By Bettina Boxall, Staff Writer
Los Angeles Times
A new study of tree ring records in the Colorado River basin reaffirms that one of the West's most important water sources is no stranger to severe drought.
Analyzing tree cores that reflect how wet or dry the climate was, scientists reconstructed the Colorado River's flow from 1490 to 1997. During that period, they found evidence of as many as eight severe droughts that lasted five consecutive years.
In a dry spell from 1844 through 1848, the average Colorado flow was even less than during the drought that gripped the basin recently and left some of its biggest reservoirs half empty.
The recent drought "is not without precedence," researchers wrote. "Overall these analyses demonstrate that severe, sustained droughts are a defining feature" of the Upper Colorado, which supplies most of the river's water.
The study echoes other research showing that, when the Colorado water was divided among seven Western states in 1922, it was an unusually wet period, resulting in overly optimistic water allocations.
"There's not a limitless amount of water for growth in the Southwest," said David Meko, study coauthor and an associate research professor at the University of Arizona Laboratory of Tree-Ring Research. "If everybody uses what they're entitled to, there's a shortage. On top of this, we have these climatic episodes."
Meko and coauthors Connie Woodhouse of the National Climatic Data Center and Stephen Gray of the U.S. Geological Survey Desert Laboratory concluded: "The long-term perspective provided by tree ring reconstructions points to looming conflict between water demand and supply."
About 1,400 miles long, the Colorado supplies water to 25 million people and several million acres of farmland from Denver to Southern California.
The basin drought that began in 2000 — the driest since record keeping began in 1906 — has eased somewhat. But Lake Powell and Lake Mead, the river's two major reservoirs that supply Arizona, Las Vegas and the Los Angeles region, remain low.
Powell is 49% full and Mead is at 56% capacity. Moreover, last year's bountiful flows into Powell from the upper basin are expected to fall below normal again this year.
Federal water managers are drawing up guidelines that would determine how a shortage would be handled if one were officially declared on the river, which is governed by complex water laws involving the states and the federal government.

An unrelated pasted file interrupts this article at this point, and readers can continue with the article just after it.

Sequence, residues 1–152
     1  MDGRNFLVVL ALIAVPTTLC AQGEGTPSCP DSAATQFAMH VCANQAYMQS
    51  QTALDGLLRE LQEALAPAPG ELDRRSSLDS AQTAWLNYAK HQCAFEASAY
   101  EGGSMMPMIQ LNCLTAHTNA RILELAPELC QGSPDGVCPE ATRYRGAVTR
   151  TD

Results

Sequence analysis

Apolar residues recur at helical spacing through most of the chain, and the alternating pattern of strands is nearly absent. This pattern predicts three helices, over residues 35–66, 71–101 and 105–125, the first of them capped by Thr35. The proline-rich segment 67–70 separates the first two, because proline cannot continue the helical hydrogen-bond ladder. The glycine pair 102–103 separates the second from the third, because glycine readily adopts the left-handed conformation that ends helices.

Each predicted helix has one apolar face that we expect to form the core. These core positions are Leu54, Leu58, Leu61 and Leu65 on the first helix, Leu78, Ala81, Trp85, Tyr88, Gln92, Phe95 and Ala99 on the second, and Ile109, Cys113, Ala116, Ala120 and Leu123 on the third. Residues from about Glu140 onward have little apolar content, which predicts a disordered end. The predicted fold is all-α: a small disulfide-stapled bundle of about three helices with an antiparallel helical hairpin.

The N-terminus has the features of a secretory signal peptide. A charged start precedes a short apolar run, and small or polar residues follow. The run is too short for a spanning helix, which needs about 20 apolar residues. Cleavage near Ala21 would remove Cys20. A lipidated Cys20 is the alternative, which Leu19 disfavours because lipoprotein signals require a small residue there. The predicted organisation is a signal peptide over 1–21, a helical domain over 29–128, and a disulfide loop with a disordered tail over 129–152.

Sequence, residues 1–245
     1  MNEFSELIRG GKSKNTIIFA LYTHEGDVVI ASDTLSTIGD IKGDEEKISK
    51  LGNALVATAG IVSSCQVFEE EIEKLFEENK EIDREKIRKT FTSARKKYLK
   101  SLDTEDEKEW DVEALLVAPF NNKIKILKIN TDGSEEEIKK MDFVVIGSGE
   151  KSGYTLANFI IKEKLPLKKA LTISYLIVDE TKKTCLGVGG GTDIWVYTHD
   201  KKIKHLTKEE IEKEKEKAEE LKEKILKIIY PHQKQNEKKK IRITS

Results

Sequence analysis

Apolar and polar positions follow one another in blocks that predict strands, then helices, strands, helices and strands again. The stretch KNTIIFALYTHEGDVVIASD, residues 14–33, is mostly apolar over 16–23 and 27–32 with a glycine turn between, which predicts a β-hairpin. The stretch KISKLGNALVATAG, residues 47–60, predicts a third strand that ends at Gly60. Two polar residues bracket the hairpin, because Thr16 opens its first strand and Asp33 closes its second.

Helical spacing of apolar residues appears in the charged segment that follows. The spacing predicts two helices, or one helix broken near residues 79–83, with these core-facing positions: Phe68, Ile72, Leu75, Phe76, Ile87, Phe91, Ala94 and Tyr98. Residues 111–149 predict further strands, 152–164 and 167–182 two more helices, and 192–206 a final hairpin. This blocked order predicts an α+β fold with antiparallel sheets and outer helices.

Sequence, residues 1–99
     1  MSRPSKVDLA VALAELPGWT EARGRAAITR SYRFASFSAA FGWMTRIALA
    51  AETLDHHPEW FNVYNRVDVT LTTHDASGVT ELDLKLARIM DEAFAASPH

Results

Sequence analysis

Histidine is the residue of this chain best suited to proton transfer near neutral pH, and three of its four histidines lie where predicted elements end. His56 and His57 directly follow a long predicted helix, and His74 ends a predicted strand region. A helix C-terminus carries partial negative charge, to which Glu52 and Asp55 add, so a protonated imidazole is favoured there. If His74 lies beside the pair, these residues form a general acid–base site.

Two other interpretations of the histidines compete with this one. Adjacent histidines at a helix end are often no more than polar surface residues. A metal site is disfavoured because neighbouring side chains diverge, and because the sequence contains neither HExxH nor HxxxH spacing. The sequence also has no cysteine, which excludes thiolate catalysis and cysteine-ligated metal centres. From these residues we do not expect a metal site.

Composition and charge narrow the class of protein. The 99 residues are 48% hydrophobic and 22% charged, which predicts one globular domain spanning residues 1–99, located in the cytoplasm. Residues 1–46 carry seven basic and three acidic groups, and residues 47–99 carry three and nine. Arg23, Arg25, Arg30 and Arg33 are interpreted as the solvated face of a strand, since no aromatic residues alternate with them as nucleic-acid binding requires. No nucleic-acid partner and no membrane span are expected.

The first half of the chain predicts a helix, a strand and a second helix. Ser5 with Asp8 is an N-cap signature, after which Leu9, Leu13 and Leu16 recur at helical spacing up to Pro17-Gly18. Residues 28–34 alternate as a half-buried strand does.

In the meantime, the states have recommended some changes in how Powell and Mead are operated. And they want to explore ways of boosting the river's flow — for instance, through cloud seeding that would increase snowfall in mountains that drain into the basin.
The tree ring study, published in the May issue of Water Resources Research, built on a similar 1976 effort. That earlier study found the highest sustained flows over a more than 400-year period, from 1520 to 1961, occurred in the early 1900s, when farmers were pouring into the region and states were dividing up the Colorado's liquid riches.
The 1976 tree ring study also detected a drought that persisted for about 20 years in the late 1500s.
The new research relies on different ring samples, drawn from both living trees and dead ones, as well as data from the past three decades.
Of the eight droughts the study chronicled since the Columbus era, one was worse than the recent drought. Researchers said two, in the early 1500s and early 1600s, have a 25% chance of being as severe. The others have a 10% chance of being drier than 1999-2004.
The reconstruction also found that below-average flows lasted for longer periods, in one case, 11 consecutive years.
In one bit of good news, the researchers concluded the Colorado's average annual long-term flows are not as low as estimated in the 1976 study.
That research suggested an average flow of 13.5 million acre-feet a year, compared to the new estimate of 14.6 million. (An acre foot is enough to supply two Southern California families for a year.)
Still, that is less water than has been legally allocated to the states and Mexico.